New NASA orbital telescope discovers two planets


A planet-hunting orbital telescope designed to detect worlds beyond our solar system discovered two distant planets this week five months after its launch, officials said. NASA’s Transiting Exoplanet Survey Satellite, better known as TESS, made an early discovery of “super- Earth” and “hot Earth” planets in solar systems at least 49 light-years away, marking the satellite’s first discovery since its April launch.
TESS is on a two-year, $337 million mission to expand astronomers’ known catalogue of so-called exoplanets, worlds circling distant stars. While the two planets are too hot to support life, TESS deputy science director Sara Seager expects many more such discoveries. NASA expects to pinpoint thousands more previously unknown worlds, perhaps hundreds of them Earth-sized or “super-Earth” sized – no larger than twice as big as Earth.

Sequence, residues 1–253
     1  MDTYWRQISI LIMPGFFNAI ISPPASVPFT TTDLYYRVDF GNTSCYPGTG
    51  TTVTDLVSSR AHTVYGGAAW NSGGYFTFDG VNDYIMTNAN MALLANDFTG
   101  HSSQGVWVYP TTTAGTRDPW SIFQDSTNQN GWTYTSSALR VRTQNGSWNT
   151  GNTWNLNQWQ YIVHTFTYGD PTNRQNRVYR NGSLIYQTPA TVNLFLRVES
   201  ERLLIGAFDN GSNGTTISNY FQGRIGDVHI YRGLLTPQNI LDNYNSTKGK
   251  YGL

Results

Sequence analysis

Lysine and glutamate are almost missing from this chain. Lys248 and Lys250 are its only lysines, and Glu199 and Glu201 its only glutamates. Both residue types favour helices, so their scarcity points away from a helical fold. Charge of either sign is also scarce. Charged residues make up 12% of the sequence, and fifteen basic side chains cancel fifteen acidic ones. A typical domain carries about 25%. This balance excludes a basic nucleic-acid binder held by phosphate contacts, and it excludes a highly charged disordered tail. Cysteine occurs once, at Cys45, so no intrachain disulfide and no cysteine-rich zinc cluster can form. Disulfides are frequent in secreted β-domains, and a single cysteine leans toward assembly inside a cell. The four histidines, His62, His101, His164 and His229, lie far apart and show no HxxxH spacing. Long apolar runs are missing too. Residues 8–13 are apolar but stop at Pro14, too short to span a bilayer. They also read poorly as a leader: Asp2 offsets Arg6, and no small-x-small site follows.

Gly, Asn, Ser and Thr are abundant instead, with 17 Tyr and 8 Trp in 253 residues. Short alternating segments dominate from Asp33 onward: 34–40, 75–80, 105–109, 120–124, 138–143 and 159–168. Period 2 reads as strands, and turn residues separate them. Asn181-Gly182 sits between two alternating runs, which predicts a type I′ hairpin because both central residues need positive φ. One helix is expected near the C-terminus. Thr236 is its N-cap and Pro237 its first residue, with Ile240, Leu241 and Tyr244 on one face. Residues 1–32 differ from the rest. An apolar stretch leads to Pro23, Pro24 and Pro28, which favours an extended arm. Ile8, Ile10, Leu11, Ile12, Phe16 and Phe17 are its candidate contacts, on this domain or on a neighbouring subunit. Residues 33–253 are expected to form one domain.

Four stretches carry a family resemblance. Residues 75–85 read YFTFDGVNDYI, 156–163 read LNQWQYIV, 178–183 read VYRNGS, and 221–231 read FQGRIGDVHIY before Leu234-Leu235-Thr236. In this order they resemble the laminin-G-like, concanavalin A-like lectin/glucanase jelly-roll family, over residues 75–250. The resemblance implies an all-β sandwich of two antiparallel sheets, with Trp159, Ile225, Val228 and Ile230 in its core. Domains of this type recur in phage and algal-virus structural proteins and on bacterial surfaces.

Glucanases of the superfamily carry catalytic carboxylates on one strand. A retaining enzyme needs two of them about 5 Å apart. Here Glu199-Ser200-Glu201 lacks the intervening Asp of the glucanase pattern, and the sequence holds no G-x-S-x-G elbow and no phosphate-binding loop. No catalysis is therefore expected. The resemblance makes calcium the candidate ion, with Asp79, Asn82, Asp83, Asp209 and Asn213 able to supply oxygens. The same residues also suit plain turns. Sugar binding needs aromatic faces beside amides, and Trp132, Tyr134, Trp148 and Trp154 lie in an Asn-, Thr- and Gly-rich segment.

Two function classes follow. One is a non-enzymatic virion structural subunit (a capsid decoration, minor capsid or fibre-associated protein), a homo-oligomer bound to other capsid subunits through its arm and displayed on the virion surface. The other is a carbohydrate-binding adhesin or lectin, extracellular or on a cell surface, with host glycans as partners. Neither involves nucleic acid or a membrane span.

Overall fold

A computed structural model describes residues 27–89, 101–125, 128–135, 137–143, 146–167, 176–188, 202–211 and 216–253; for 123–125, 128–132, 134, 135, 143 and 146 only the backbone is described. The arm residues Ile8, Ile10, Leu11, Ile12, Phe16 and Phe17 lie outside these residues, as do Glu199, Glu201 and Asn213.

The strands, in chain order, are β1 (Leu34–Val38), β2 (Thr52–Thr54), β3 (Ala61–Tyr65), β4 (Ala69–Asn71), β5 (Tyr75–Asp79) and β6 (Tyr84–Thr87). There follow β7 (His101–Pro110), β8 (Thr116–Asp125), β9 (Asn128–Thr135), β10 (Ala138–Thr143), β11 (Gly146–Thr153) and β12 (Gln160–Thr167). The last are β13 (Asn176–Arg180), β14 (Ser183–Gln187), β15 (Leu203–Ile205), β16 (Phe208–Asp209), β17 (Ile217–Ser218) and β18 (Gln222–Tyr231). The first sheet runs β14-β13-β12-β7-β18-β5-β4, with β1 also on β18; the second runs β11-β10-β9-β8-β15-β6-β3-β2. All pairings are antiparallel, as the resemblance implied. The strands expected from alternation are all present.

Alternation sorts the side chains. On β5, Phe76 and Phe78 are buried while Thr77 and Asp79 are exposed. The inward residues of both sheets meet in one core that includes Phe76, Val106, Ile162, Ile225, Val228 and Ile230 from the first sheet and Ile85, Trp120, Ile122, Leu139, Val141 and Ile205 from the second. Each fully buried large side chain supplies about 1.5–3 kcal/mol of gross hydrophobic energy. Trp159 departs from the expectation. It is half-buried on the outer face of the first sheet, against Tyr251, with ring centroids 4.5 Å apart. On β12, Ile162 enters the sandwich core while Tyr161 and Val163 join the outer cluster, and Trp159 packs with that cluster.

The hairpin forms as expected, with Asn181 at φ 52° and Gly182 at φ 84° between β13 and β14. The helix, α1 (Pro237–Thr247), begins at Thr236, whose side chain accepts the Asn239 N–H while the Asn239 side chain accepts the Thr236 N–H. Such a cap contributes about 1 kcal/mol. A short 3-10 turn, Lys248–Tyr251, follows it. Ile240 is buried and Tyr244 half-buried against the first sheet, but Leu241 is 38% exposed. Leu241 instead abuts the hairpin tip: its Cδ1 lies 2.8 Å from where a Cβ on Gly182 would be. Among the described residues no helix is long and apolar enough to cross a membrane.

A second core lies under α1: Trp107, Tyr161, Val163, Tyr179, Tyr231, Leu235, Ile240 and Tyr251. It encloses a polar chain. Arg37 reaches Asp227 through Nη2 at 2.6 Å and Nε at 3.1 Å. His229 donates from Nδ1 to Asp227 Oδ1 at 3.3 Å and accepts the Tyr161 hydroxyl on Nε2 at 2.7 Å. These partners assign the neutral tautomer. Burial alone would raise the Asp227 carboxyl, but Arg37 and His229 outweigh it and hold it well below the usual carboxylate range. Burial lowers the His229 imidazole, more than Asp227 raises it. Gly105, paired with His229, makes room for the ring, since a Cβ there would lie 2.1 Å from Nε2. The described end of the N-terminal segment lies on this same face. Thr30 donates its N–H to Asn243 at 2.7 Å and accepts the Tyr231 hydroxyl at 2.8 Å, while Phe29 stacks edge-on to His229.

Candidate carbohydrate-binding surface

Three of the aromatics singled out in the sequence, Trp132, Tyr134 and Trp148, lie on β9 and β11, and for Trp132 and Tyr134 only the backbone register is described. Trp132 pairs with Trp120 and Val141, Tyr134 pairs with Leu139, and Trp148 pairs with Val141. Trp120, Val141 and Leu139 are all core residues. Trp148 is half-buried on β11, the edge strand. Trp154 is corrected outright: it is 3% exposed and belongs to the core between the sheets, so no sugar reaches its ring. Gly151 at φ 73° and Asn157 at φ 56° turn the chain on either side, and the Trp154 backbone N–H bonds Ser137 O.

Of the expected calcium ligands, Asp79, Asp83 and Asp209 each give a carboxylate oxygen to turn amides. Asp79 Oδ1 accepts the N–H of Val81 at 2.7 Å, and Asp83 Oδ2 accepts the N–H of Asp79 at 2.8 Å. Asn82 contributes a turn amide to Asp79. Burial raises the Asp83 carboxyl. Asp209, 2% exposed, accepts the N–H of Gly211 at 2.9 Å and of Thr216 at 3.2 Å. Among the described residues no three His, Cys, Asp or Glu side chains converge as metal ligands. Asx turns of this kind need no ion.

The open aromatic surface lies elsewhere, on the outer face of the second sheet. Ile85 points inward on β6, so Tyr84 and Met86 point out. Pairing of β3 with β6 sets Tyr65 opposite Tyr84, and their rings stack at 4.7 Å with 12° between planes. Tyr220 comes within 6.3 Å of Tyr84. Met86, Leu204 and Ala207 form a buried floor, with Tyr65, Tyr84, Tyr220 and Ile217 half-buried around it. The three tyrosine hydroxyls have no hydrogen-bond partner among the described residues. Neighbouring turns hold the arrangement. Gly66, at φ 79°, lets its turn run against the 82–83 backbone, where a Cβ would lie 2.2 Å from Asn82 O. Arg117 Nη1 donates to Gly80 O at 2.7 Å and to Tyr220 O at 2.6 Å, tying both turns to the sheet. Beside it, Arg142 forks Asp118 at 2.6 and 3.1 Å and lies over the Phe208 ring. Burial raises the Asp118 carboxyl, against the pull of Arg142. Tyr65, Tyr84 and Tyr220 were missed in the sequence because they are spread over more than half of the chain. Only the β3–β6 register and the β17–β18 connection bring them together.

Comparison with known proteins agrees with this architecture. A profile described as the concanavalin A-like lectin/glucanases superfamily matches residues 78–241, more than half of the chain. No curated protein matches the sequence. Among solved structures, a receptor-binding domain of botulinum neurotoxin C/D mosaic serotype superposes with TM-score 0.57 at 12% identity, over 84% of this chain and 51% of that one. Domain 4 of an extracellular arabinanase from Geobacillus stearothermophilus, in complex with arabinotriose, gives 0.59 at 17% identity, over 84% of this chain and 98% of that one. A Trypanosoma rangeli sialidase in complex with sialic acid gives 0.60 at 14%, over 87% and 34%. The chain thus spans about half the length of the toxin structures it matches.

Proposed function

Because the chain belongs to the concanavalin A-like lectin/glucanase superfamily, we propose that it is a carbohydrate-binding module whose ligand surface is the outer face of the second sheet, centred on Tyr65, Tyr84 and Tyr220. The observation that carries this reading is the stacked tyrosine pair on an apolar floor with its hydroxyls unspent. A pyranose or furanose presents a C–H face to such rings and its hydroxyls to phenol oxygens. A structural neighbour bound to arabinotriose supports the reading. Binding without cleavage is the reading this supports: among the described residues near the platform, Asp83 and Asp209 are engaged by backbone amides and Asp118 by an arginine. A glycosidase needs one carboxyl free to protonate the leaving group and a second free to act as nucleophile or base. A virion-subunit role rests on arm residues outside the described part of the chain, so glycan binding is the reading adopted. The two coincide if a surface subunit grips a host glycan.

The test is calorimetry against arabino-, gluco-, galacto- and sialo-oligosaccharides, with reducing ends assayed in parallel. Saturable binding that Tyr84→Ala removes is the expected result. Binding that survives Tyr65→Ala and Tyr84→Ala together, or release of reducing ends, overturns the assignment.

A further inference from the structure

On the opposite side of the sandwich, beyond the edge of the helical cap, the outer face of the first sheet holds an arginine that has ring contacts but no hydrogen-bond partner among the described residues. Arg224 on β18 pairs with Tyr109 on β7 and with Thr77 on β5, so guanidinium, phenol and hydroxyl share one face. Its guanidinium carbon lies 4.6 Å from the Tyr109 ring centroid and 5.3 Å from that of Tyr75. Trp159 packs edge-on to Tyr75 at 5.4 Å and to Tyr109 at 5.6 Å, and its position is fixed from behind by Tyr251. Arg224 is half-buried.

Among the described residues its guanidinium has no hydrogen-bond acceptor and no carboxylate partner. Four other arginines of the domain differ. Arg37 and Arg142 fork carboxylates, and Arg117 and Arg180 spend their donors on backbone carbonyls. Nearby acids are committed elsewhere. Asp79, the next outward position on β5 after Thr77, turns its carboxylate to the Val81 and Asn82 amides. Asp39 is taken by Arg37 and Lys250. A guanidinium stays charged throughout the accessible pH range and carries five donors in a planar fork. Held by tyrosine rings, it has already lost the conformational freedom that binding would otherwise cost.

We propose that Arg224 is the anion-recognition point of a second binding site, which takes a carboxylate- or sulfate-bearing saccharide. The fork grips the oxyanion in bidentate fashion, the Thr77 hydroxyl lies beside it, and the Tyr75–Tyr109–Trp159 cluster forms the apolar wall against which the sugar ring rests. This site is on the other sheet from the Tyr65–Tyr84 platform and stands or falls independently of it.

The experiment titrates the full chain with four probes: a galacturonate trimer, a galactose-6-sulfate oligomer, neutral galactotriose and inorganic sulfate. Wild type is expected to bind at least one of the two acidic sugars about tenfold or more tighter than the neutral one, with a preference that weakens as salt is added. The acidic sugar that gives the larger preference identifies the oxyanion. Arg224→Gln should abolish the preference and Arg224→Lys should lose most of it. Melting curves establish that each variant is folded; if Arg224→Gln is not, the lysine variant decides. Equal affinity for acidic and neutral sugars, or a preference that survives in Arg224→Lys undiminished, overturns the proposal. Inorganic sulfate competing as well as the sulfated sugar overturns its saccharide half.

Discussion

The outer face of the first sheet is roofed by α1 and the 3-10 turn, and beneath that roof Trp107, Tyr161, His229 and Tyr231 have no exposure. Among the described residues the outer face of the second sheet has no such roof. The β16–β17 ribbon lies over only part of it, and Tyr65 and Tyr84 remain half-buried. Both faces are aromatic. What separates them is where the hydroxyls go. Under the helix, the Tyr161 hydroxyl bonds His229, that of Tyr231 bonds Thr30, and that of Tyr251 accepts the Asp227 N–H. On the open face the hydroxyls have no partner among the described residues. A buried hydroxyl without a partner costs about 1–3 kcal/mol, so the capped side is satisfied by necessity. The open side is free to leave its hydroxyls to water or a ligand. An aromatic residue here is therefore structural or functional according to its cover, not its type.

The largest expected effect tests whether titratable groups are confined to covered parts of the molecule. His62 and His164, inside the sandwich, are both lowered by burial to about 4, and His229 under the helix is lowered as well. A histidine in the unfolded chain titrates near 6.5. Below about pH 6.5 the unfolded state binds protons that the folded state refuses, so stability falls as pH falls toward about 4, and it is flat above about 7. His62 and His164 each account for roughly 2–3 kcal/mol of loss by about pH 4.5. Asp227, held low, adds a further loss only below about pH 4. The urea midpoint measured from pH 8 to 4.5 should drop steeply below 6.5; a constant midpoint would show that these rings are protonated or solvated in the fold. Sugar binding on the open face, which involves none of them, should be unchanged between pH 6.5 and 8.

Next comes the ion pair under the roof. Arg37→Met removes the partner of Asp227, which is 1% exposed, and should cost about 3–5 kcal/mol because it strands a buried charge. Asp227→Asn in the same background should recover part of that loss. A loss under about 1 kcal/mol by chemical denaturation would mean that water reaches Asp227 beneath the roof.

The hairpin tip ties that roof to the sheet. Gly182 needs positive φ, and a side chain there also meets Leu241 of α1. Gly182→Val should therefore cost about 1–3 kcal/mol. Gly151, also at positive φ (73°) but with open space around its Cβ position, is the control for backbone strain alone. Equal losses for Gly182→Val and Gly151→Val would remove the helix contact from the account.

Those are believed the most likely to feature rocky surfaces or oceans and are thus considered the best candidates for life to evolve. Scientists have said they hope TESS will ultimately help catalogue at least 100 more rocky exoplanets for further study. MIT researchers on Wednesday announced the discovery of Pi Mensae c, a “super-earth” planet 60 lightyears away orbiting its sun every 6.3 days.

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